Simulations

Simulation Outside the Real World

We use virtual simulation to evaluate alternative configurations of equipment and space by modeling individual room or entire unit layouts. This enables collaboration among researchers, medical personnel, architects and others, allowing everyone to see issues concerning room level and unit level details in the early design stages.

Applications for virtual reality include interaction and placement of objects in the virtual environment, navigation through virtual settings that are larger than a few rooms, and visualization and training for specific processes in a space. We develop these applications for desktop computers, tablets and mobile phones, head mounted displays and multimonitor CAVE systems.

Our computer lab is equipped with several computer workstations. Three of our computers are high performance server-class machines for use in intensive simulation tasks. Each workstation is set up with a suite of design and research software, which allows us to conduct advanced modeling and simulations based on current standards and principles coupled with state of the art visualization.

Live Simulation Represents the Real World

The full-scale rapid prototyping kit in the SimTigrate Design Lab allows rooms to be built and reconfigured in a few minutes. The addition of furniture and equipment provides a dimensionally accurate physical representation and a better understanding of the impact of the physical environment on design decisions.

By simulating specific parts of the care delivery process in the prototype room with real people, the effects on face-to-face communication and human interaction emerge. With support for power and network connectivity, electronic devices and systems can be included in the simulation as well. Live simulation allows a wide range of stakeholders to participate meaningfully in the decision-making process together.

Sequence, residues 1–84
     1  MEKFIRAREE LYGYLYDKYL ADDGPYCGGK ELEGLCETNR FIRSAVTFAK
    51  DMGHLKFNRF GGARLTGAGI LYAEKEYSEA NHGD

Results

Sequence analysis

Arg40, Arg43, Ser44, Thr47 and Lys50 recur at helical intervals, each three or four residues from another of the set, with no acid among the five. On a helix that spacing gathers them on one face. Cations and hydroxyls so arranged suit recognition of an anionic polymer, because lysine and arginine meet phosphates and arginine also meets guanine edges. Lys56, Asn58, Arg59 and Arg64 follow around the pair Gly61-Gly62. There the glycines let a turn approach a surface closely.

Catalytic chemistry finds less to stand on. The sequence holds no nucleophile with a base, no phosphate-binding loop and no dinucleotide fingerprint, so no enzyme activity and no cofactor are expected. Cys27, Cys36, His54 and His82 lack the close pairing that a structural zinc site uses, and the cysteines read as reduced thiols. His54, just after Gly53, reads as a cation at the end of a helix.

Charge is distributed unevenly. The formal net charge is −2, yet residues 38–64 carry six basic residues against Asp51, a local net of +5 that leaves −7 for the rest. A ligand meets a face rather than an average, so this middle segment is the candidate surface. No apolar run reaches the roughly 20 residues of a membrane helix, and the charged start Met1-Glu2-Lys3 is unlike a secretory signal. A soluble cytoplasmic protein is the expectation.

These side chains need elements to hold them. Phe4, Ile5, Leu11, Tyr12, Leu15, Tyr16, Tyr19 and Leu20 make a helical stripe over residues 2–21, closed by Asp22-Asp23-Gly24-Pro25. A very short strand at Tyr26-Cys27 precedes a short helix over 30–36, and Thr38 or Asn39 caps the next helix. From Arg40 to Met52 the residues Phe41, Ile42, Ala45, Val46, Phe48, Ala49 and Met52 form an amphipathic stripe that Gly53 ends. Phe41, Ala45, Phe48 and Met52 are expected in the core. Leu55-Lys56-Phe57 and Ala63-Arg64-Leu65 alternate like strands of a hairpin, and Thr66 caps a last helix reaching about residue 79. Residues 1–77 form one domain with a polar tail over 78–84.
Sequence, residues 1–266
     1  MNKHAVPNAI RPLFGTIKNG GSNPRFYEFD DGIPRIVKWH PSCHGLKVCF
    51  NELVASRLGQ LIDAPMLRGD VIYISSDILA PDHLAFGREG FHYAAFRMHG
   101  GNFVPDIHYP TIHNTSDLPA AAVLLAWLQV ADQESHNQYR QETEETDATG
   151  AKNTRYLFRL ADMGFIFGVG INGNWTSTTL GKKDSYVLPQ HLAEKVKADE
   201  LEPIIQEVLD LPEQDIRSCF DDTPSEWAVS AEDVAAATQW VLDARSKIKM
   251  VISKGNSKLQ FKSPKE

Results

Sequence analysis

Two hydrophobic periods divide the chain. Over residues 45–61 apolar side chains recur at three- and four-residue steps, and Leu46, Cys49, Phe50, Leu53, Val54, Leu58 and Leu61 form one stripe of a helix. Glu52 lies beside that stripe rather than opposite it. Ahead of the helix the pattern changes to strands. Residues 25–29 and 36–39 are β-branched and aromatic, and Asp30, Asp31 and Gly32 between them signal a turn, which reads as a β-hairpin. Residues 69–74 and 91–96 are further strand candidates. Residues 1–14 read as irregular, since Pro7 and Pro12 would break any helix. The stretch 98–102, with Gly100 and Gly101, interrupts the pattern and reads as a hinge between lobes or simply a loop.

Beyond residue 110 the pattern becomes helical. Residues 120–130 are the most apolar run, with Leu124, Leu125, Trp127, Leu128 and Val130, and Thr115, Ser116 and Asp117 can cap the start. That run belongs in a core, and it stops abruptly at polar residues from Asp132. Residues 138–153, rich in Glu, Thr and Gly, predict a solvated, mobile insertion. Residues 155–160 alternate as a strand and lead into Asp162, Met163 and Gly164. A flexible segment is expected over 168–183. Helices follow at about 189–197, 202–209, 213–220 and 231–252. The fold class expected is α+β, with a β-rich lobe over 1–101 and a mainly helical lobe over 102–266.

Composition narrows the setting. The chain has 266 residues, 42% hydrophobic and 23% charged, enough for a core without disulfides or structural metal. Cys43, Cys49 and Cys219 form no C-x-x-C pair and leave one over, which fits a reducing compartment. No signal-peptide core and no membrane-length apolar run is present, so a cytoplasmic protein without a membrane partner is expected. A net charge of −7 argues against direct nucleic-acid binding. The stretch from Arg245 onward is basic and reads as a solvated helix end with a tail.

Computer Simulation Models Inform Decisions

Healthcare planning processes frequently result in costly over-building and inflated capacity, even when based on systematic planning estimates. Making decisions about space allocation and needs is a high stakes process. Getting the number right is important, because healthcare facilities are costly to build, and subsequent renovations to correct for miscalculations add unnecessary burden to organizations.

For the Emory University Healthcare Surgical Expansion, our team tested several scenarios in an existing healthcare unit in order to provide recommendations on bed requirements. By developing a model based on detailed surgical records, we were able to project a more precise number of perioperative bed positions needed for a renovation project. Our team also developed a mathematical representation of the hospital’s surgical process that allowed us to simulate a year of patient surgeries under a variety of different design and care process scenarios.

We translated these mathematical models into a descriptive report built on current processes and procedure times, projected maximum volumes and the future case mix. This enabled the stakeholders to consider several scenarios, and make informed decisions about their perioperative bed space needs in a new surgical suite with greater certainty that the number of beds would meet their future demands.